Managing a private-public key pair in blockchain technology is highly sensitive. Either loosing the private key or involuntarily leaking it to be accessible by the public can lead to the loss of all assets. In case of leaking it and with the luck of noticing quickly, all assets could be sent to a newly set up key pair to preserve the assets and circumvent theft. This however can be cumbersome and might require many transactions if a lot of different assets are held in that address. If the private key is lost, the assets are lost forever and cannot be accessed any longer by anyone.
A social wallet recovery feature can allow users to recover their access by using a combination of their own personal information and the assistance of trusted contacts. These trusted contacts, also known as recovery agents, are pre-selected by the user and can be called upon to provide specific information or confirm the user's identity in order to regain access to the lost wallet. This feature adds an additional layer of security to the traditional process of recovering a lost or forgotten private key, as it requires multiple parties to confirm the identity of the user.
Since transactions are final once transmitted, even small byte changes in a transaction script can lead to unintentional outcomes. Having additional entities that verify actions before they are executed can add an additional layer of security for users. This layer could include mechanics that allows specifying trusted controller accounts that have to co-sign specific actions by the owner, e.g., transferring assets. This allows the owner to always have a trusted entity to verify that a transfer is correct. These co-sign agents only have the right to witness actions but not to execute themselves. The owner should be able to add and remove them and manage their permissions. Further, regardless of the state of the controller accounts, the owner should be able to force a transaction that does not require any co-signature, so that co-sign agents can be bypassed at all time.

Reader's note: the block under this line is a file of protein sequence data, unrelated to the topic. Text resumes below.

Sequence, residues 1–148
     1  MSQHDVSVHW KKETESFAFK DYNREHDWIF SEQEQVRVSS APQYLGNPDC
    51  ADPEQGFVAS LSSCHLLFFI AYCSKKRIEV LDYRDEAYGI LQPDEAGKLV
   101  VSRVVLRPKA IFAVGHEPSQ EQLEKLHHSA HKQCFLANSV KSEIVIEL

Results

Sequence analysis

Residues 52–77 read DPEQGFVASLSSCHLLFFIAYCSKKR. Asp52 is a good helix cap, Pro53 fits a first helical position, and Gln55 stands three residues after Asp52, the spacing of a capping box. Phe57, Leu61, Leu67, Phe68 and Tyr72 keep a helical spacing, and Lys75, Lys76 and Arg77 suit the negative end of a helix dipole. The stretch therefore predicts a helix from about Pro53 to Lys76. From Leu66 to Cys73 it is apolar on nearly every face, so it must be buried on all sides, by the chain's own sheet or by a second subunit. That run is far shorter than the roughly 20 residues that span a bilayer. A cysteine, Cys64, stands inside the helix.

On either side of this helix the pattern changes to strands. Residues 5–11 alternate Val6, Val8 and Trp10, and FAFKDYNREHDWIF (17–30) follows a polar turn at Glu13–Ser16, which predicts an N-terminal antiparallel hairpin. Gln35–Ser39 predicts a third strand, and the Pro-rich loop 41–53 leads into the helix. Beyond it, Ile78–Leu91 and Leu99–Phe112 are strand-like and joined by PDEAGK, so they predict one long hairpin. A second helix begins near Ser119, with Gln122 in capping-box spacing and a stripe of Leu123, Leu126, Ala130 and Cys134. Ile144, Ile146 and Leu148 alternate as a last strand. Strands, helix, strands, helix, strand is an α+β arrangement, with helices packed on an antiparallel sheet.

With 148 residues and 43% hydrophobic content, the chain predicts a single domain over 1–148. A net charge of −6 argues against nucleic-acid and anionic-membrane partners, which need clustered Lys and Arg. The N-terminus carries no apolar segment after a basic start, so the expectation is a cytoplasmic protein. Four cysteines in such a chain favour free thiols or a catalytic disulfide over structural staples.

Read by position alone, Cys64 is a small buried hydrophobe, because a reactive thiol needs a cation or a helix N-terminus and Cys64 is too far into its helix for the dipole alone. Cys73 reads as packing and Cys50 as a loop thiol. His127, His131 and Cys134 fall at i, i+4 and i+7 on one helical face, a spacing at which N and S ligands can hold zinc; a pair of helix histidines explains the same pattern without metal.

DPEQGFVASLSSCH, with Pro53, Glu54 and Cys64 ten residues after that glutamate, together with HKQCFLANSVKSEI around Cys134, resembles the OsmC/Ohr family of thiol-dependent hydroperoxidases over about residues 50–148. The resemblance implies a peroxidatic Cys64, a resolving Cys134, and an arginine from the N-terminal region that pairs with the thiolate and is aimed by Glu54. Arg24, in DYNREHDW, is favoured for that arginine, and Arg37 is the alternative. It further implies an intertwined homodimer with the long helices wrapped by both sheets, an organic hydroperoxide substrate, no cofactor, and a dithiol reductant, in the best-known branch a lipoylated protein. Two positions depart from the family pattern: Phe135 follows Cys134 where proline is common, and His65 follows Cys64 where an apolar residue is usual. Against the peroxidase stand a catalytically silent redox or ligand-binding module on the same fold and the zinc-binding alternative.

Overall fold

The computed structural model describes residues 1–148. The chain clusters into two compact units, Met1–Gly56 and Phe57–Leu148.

Few blockchains have integrated functionalities that solve these issues (e.g., Near). On the Neo blockchain, this is not the case. However, it can be delivered within a Smart Contract. The student should design and implement a Smart Contract as a vault in a way that allows it to change its owner and thus change the private key that is required to access the assets held on the Smart Contract. Further, the Smart Contract should contain sophisticated mechanics to manage co-signing and recovery agents.
Supervisors: Dr. Guilherme Sperb Machado, Dr. Bruno Rodrigues, Burkhard Stiller, CSG@IfIback to the main page